Created on Saturday, June 17, 2017
Updated on Monday, June 11, 2018
by Land Century
It's a romantic idea - buying a fixer-upper and making it your own. But there are homes that need renovations, and then there are homes that need a complete overhaul.
It's easy to get excited and caught up in the moment when you find a quaint little house in the perfect location at an irresistible price. That's why far too many home buyers wind up making costly mistakes that they regret later on down the road. Learn from their mistakes and avoid these blunders when buying a fixer-upper.
Not Knowing the Market and Overpaying
First and foremost, you need to know the local market and the market value of the home. Knowing this information will help you avoid paying too much for the home, or buying in an area where you're not likely to see a return.
On top of knowing the market value of the home, you need to consider the costs of renovating it. Far too often, home buyers take into account only the base value of the home and overlook the fact that they will need to put time and money into fixing the property. Sure, that home may be dirt cheap, but will the cost to bring it up to standard leave you with little-to-no equity? If that's the case, it's not worth buying.
Getting Caught Up in the Excitement and Not Knowing Your Limits
It's easy to get caught up in the excitement and emotions of finding a great fixer-upper. And when you let these emotions take over, you have a tendency to rush the buying process and overlook important details. Remember, these homes are often sold as is. Even though no repairs will be made, it's still important to ensure that you have a thorough inspection performed by a true professional.
Once you leave emotion at the door, you can sit down and really consider your limits. If the property checks out, you need to consider whether you have the skill or finances to renovate the home.
Not Getting Estimates from Local Contractors
It's not uncommon for home buyers to purchase a fixer-upper without getting an estimate from a local contractor. When you go this route, you wind up guesstimating the cost of repairs. Unless you have experience as a contractor, you'll likely underestimate the cost of renovating the home.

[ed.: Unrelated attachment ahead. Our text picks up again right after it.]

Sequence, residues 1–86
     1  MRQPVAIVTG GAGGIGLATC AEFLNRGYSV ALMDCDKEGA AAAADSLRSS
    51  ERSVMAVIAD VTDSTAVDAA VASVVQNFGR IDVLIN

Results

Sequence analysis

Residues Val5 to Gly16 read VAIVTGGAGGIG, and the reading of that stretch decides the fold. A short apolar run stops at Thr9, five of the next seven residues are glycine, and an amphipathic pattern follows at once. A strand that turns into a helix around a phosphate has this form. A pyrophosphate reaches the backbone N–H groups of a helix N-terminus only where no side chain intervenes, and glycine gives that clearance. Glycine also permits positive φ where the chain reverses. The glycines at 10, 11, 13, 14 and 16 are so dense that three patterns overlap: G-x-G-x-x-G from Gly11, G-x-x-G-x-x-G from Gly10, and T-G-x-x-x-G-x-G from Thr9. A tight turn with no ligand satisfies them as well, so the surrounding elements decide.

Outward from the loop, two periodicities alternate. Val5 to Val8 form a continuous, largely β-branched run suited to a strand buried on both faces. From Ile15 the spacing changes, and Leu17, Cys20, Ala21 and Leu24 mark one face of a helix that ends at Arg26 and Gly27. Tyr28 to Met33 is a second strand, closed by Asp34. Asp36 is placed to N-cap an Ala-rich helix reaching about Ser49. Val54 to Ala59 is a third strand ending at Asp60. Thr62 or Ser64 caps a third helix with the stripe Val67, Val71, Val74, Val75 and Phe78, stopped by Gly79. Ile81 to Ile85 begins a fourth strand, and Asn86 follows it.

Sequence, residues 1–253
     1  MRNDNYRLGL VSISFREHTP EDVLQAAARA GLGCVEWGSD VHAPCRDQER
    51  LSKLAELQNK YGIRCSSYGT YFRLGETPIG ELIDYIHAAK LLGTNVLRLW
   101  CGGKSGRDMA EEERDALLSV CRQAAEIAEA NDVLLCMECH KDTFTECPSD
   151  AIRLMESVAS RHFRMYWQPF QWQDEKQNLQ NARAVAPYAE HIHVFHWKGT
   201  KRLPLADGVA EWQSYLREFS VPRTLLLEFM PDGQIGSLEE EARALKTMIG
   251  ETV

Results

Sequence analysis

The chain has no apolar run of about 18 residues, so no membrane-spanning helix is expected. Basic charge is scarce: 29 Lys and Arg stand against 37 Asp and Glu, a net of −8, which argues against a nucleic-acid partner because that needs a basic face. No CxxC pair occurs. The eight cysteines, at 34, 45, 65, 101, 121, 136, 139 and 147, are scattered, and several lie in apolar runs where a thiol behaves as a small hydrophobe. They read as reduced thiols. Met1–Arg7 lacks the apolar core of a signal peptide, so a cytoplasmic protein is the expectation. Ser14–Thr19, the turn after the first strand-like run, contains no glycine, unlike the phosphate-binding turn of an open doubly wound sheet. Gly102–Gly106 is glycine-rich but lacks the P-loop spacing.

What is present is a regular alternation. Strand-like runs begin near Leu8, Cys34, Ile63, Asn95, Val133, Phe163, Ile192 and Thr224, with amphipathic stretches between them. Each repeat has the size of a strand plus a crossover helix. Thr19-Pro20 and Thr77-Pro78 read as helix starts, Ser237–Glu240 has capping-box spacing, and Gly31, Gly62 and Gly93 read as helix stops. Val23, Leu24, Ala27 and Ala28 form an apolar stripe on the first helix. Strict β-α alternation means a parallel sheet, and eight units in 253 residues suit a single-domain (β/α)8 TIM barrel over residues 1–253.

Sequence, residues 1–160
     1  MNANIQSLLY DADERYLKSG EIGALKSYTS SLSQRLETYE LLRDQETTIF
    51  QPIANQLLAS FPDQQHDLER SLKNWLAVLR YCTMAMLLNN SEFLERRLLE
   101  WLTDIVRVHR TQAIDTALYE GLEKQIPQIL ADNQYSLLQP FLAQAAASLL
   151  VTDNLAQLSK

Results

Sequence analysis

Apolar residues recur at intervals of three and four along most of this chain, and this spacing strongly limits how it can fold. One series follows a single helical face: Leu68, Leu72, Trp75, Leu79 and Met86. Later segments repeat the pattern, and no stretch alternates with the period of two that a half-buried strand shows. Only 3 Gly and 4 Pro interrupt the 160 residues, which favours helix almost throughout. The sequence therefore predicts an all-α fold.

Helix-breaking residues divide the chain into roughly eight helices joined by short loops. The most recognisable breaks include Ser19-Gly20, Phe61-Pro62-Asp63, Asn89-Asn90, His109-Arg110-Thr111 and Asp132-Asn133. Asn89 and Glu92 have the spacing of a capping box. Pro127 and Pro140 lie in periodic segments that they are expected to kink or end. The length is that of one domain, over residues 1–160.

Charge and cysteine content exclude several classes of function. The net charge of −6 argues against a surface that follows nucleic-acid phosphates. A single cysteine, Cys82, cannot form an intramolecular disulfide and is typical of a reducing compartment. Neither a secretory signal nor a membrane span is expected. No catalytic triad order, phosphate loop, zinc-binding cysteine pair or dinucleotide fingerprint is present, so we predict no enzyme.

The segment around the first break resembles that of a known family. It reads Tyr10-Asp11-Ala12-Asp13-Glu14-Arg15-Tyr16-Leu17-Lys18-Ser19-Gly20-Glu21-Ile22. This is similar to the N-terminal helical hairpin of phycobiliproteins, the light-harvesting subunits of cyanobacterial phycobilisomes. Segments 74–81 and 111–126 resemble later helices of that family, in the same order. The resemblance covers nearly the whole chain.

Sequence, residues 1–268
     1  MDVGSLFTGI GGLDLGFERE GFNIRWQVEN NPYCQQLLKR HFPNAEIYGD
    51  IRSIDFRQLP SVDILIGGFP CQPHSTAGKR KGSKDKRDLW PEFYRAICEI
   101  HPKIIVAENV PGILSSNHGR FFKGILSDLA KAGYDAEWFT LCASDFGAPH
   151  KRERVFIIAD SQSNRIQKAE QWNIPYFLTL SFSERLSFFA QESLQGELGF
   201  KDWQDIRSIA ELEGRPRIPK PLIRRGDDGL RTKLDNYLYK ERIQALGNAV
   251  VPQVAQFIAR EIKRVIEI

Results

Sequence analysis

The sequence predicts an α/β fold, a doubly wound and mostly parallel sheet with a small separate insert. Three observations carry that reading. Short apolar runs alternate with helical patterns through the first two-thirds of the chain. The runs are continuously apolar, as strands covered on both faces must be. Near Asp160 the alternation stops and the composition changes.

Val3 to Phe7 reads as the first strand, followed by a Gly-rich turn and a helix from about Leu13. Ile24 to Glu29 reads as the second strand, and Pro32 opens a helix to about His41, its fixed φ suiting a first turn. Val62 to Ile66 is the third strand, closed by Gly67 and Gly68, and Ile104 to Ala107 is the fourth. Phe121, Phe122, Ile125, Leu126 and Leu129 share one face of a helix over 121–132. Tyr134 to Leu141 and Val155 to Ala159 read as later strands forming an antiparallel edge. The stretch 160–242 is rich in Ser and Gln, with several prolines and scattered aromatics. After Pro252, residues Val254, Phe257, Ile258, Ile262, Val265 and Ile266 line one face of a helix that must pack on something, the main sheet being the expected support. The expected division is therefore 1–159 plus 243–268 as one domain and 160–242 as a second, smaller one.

Even if you plan on doing most (or all) of the work yourself, talk to local contractors and ask for estimates on repair costs. These estimates will give you an idea of how much you'll wind up spending on both the purchase of the home and renovating it.
If the home needs major repairs, you may consider 203k FHA financing. This type of loan covers not only the purchase of the home, but the rehabilitation as well. And all of this is covered through one simple mortgage.
The final cost of a home renovation is rarely the same as the initial quote. Unexpected things pop up, and oftentimes, they add to the cost of repairs. Installing a new shower can be a complex process if the plumbing needs work. Even seemingly simple repairs can come with costly and unexpected complications.
That's why it's so important to find a reputable contractor who will provide you with a realistic estimate.
But even with a realistic estimate, it's still important to leave room in your budget for unexpected costs. Most experts recommend adding 20% to the costs of estimates, and expect the work to take 20% longer than initially estimated.
Having Unrealistic Expectations
Many home buyers buy a fixer-upper, and imagine that the process is like what they see on home renovation television shows. That couldn't be further from the truth. Be prepared to spend several months living in the renovation, and be ready for unexpected things to happen every step of the way.
That's not to say that renovating a home isn't a rewarding experience - it is. But you need know what you're getting into and manage your expectations appropriately.
Not Having a Plan B
In a perfect world, the renovations would go off without a hitch. But things rarely happen this way, and unfortunately, some home buyers have to abandon their renovation plans.
Having an exit strategy, or a plan B, can help you be prepared for the worst case scenario. Consider all of the things that could go wrong or change, and create a list of solutions that can help you resolve these issues - or get out of Dodge.
Not Getting a Home Inspection
We touched on this earlier, but it's important to reiterate the need for a home inspection when buying a fixer-upper. Many home buyers rush into the process, get swept up in the moment and never have a thorough inspection performed. Later on down the road, they wind up overpaying for the home.
Allow yourself enough time to have the right professionals check out the home, and have an inspection performed. The last thing you want is to be stuck with a renovation project that is far bigger than you had anticipated.
Biting Off More than You Can Chew
Many home buyers think they want to put in the work, but when it comes down to it, they just don't have time, energy, money or skill to get the job done right. It's easy to underestimate the costs of fixing up a home when you're staring at the home's low price tag. But not being realistic about how much work needs to be done can be a costly mistake.
Know how much work needs to go into the property. Know whether you will realistically be able to devote that time, money and effort.
Renovating a home can be a lucrative opportunity - if you find the right property. However, it's important to really know what you're getting into before you commit to buying the home. Have a home inspection performed, work with local contractors to determine how much repairs will cost, and be honest with yourself about whether you truly want to devote the time and effort into renovating the home.